Project description:Bacteriocytes set the stage for some of the most intimate interactions between animal and bacterial cells. In all bacteriocyte possessing systems studied so far, de novo formation of bacteriocytes occurs only once in the host development, at the time of symbiosis establishment. Here, we present the free-living symbiotic flatworm Paracatenula galateia and its intracellular, sulfur-oxidizing bacteria as a system with previously undescribed strategies of bacteriocyte formation and bacterial symbiont transmission. Using thymidine analogue S-phase labeling and immunohistochemistry, we show that all somatic cells in adult worms - including bacteriocytes - originate exclusively from aposymbiotic stem cells (neoblasts). The continued bacteriocyte formation from aposymbiotic stem cells in adult animals represents a previously undescribed strategy of symbiosis maintenance and makes P. galateia a unique system to study bacteriocyte differentiation and development. We also provide morphological and immunohistochemical evidence that P. galateia reproduces by asexual fragmentation and regeneration (paratomy) and, thereby, vertically transmits numerous symbiont-containing bacteriocytes to its asexual progeny. Our data support the earlier reported hypothesis that the symbiont population is subjected to reduced bottleneck effects. This would justify both the codiversification between Paracatenula hosts and their Candidatus Riegeria symbionts, and the slow evolutionary rates observed for several symbiont genes.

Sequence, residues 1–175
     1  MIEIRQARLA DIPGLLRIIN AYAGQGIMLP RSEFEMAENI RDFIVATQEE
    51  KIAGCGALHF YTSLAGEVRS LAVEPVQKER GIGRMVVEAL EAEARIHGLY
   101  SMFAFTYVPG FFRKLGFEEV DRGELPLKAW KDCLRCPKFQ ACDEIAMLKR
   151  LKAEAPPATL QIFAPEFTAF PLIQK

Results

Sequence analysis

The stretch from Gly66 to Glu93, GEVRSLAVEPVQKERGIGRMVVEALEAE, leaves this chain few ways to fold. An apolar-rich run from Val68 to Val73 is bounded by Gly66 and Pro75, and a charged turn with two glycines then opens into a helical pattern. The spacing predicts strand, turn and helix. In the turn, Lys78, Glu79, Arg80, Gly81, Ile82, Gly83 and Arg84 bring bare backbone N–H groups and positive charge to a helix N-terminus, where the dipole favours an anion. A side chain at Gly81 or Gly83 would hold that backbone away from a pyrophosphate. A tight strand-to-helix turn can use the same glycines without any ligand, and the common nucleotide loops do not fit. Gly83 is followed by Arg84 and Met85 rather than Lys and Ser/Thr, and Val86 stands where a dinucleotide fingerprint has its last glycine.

Project description:Symbiosis often entails the emergence of novel adaptive traits in organisms. Microbial symbionts are indispensable for diverse insects via provisioning of essential nutrients, wherein novel host cells and organs for harboring the microbes, called bacteriocytes and bacteriomes, have evolved repeatedly. Molecular and developmental mechanisms underpinning the emergence of novel symbiotic cells and organs comprise an unsolved question in evolutionary developmental biology. Here, we report that a conserved homeotic gene, Ultrabithorax, plays a pivotal role in the bacteriocyte differentiation in a hemipteran insect Nysius plebeius. During embryonic development, six pairs of aggregated presumptive bacteriocytes appear on both sides of six abdominal segments, incorporate the symbiotic bacteria at the stage of germband retraction, and fuse into a pair of lateral bacteriomes at the stage of germband flip, where bacteriocyte-associated Ultrabithorax expression coincides with the symbiont infection process. Suppression of Ultrabithorax expression by maternal RNA interference results in disappearance of the bacteriocytes and the symbiont localization therein, suggesting that Ultrabithorax is involved in differentiation of the host cells for symbiosis. Suppression of other homeotic genes abdominal-A and Antennapedia disturbs integrity and positioning of the bacteriomes, affecting the configuration of the host organs for symbiosis. Our findings unveil the molecular and developmental mechanisms underlying the bacteriocyte differentiation, which may have evolved either via cooption of the transcription factors for inducing the novel symbiotic cells, or via revival of the developmental pathway for the bacteriocytes that had existed in the ancestral hemipterans.